Before anything else, it should be noted that the mere existence of the ACC is an important measure to control corruption. The existence of such a body raises the chances of detection. Its mandate was expanded in 2008 and now includes the power to prevent, investigate, prosecute and punish corruption.
Because of this powerful mandate, the ACC has the means to influence peoples’ perception of corruption even unrelated to the judiciary. The continuing attention to the well-developed Public Education and Outreach Program is a positive element of the NACS. Educational programs are a good policy tool to change attitudes about corruption.
Now, turning to the judiciary, it is important that the citizens can bring corrupt acts to the attention of the ACC and the courts. Measures which allow for the public and agents to report corruption increase the likelihood that corruption will be detected. The ACC has had a “Pay No Bribe” project since 2017. This project enables citizens to report incidents via a mobile app and call center and ended up increasing the number of reports. It was a good policy decision to keep this this program, even after its termination this year. However, the lack of a whistle blower policy as well as a witness protection program is a missed opportunity. Although both problems are identified in the NACS, there is only mention of instituting a witness protection program and not of a whistle blower policy.
Essential to the public’s perception is the judiciary. Unfortunately, the judiciary in Sierra Leone is notoriously weak. The judiciary has not provided adequate support in fighting corruption, as the ACC faces difficulties with very lengthy proceedings which in some cases last for more than eight years. The judiciary is furthermore very negatively perceived by the citizens. The objective of establishing special anti-corruption courts with assigned judges is therefore a good measure proposed in the NACS. However, this has not yet been achieved.
This idea could nonetheless be fundamental to the anti-corruption efforts. The NACS missed a great opportunity by not focusing more on a special court. With the appropriate characteristics, such a court can become the crucial battleground in the fight against corruption.
A first policy matter will be to engage in capacity building. It will for instance be necessary to make courtrooms available, as well as to appoint a sufficient number of well-trained judges. It will also be important to pay the judges an adequate and regular salary. This will reduce the need for a corrupt income. As Sierra Leone is a value-based society where reputations are important, other nonmonetary rewards can be considered as well. Prestige can be seen as a useful incentive to the judges. An impressive courtroom as well as VIP visits to the proceedings are possible rewards. Having public trials can further add to the judges’ prestige by the increase in publicity.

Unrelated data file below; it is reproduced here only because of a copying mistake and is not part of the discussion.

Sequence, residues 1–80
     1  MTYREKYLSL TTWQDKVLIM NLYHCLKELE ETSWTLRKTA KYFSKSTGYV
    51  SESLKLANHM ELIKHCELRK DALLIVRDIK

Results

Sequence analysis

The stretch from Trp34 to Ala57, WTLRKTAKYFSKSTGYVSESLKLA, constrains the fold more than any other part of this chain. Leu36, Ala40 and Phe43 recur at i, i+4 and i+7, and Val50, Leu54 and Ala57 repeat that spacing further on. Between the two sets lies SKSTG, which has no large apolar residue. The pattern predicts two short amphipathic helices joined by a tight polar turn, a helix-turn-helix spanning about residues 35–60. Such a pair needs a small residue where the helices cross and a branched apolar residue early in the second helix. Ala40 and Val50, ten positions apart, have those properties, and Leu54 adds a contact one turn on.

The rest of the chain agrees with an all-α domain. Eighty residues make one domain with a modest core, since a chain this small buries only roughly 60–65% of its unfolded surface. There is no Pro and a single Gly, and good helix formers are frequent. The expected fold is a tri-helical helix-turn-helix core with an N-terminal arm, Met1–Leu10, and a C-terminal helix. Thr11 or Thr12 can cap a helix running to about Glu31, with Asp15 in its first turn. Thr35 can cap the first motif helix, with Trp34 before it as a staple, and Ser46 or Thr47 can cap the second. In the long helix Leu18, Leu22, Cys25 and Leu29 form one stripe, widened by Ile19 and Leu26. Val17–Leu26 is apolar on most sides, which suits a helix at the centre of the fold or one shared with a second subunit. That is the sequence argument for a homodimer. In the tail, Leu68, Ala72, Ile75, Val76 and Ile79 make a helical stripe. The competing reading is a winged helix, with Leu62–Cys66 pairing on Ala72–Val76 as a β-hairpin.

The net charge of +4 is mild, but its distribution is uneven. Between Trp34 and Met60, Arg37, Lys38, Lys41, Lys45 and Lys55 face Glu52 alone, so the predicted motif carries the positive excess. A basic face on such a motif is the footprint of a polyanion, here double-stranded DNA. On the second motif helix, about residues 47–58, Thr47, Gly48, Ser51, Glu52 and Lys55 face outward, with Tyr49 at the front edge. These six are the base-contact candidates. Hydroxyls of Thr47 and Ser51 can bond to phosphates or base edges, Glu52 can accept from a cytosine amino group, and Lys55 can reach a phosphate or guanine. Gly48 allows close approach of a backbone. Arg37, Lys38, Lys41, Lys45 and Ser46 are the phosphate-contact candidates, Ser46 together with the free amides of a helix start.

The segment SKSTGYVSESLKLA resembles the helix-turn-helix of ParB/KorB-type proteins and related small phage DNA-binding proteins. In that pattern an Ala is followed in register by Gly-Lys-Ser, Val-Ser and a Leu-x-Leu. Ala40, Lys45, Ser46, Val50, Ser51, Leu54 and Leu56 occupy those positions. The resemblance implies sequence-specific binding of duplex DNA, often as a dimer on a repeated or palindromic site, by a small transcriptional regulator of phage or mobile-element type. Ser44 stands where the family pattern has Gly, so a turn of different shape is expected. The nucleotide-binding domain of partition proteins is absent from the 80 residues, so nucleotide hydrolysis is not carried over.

More importantly, however, is the effect of public trials with sufficient media coverage on the citizens. It can combat the negative views citizens have about the judiciary and create a public perception of justice. Special court or not, citizens will be able to see that the government is engaged in a genuine fight against corruption and that corrupt individuals are being punished. Cooperation with the media is therefore very important, and the fact that this is not addressed anywhere in the NACS is a missed opportunity.
SIERRA LEONE AND ITS TIPPING POINT
The fundamental mistake of the NACS is its failure to see how the whole could be bigger than the sum of different parts. It is not enough to have the different measures operate in a vacuum. When applied with vision, they can change peoples’ behavior across society.
Imagine that one graph can teach someone more than a hundred reports on corruption. Now look at this graph. It is likely that this graph captures the phenomenon of corruption. The core idea of this graph is that the gain for an individual of engaging in corruption depends upon the level of corruption in society. This comes intuitively, as the cost of being corrupt is higher when few people are corrupt, whereas it will only be very low when almost everyone is corrupt. When almost everyone is corrupt, there is barely any reputational damage, a minimal chance of detection…
The graph operates under the assumption that a person has a binary choice to be either corrupt or not, and that the person knows whether others are corrupt. The x-axis represents the proportion of actors doing their civic duty, in our case this means not engaging in corruption. The y-axis represents value. The “willingness to pay” curve is the benefit a person obtains from doing his civic duty and the “actual cost” curve is the cost.